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Can’t recall, Parkinson or Townsend?

Sell any company building itself a new HQ?

Alarm bells about profligacy and incompetence at Croydon council should have been ringing very loudly after the local authority spent more per square foot building its new headquarters in 2013 than was spent on the Shard, Britain’s tallest skyscraper.

At £144 million, the shiny glass building is thought to be the most expensive council office in the country.

It’s a theory of organisations, not companies.

19 thoughts on “Can’t recall, Parkinson or Townsend?”

  1. Does this one have a fountain in the atrium ?

    I can’t remember who it was now, but in a docu about the collapse of RBS, a major shareholder told how he sold up when he saw their new corporate HQ.

  2. The absolute cost is not as important as the cost on a £/m2 basis;. An inside Croydon article from eight years ago gives the cost at £6,280/m2, which, for then, would be utterly ridiculous.

    Was this another Scottish parliament situation, where the client kept changing the brief as the works were ongoing?

    Even assuming no malfeasance, the profligacy with public funds should see those in charge removed from office and the council’s staff managing the project sacked for incompetence.

  3. In the organisation I used to work in it was an accepted truism that any General Manager that built or bought a new Area Office would shortly lose their job. Didn’t stop them though. You can always ‘justify’ spending money.

  4. I think Parkinson said that any organisation that builds itself a big new HQ will have stopped doing any useful work, but I can’t remember if he actually recommended selling the shares in businesses that do.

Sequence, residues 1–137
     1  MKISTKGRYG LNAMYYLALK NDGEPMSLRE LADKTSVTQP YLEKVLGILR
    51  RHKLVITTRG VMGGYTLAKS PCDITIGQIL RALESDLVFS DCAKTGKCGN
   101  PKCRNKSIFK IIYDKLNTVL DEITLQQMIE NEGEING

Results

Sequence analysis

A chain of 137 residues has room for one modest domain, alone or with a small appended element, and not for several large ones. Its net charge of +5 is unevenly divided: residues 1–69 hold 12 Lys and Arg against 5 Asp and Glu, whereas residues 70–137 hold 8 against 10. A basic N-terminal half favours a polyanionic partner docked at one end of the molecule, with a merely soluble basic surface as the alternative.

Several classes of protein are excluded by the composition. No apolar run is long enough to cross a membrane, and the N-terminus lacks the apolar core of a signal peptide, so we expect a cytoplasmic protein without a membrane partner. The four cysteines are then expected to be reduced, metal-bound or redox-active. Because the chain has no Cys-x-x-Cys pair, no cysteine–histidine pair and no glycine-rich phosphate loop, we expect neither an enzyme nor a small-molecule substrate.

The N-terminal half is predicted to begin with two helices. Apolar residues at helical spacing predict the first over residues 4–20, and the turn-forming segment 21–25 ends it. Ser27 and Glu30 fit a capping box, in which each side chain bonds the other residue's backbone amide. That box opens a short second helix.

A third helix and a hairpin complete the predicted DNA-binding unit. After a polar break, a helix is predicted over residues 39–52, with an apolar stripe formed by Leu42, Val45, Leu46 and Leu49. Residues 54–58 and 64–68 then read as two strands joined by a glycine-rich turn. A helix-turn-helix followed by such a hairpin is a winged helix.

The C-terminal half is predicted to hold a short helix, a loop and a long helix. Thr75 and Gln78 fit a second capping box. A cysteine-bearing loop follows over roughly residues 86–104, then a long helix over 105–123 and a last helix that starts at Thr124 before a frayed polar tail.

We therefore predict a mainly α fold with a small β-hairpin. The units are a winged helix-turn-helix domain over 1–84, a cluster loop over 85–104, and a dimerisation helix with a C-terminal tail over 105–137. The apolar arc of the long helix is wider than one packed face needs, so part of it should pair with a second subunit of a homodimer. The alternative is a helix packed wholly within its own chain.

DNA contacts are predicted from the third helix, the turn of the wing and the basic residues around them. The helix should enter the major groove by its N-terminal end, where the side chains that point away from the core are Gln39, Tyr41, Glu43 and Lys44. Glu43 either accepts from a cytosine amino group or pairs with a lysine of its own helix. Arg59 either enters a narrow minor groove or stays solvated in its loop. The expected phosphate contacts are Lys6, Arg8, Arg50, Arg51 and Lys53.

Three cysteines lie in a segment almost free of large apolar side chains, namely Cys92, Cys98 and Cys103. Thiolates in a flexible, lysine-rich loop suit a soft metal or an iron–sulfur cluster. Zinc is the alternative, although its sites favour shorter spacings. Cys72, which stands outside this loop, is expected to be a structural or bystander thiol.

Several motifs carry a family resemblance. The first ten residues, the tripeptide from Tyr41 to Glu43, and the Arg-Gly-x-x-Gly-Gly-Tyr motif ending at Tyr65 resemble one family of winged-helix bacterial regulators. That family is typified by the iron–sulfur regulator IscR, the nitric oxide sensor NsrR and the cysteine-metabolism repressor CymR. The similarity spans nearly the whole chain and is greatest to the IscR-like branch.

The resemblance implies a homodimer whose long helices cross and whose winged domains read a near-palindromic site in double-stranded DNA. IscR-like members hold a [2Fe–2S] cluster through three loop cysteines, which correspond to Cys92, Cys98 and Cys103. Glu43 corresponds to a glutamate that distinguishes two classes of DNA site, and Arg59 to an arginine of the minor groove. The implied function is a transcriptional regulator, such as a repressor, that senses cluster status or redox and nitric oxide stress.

Quote: “It is now known that a perfection of planned layout [of administrative space] is achieved by institutions on the point of collapse”
    Parkinsons Law (p.84)

  5. I can think of a good example. Nixdorf,the German computer firm went around the world building new country HQs all on the same model.
    They were in fact tremendously badly designed buildings, their uselessness gold plated by the moronic management that took over when old Heinz Nixdorf pegged it in the late 1980s. The UK office in Bracknell had a car park designed for left hand drive cars, so there were almost daily occurrences of cars hitting the walls on the back to front ramps.

  6. Jim,

    “I think Parkinson said that any organisation that builds itself a big new HQ will have stopped doing any useful work, but I can’t remember if he actually recommended selling the shares in businesses that do.”

    An organisation might still keep spinning profit growth for a few years because of existing market share, brand value etc. But the innovation will have gone. At some point consumers will realise they can go cheaper, or someone will come along and disrupt what they do. It’s why I’m always wary about “safe stocks”. You get little growth, and these companies are never prepared when disruption happens.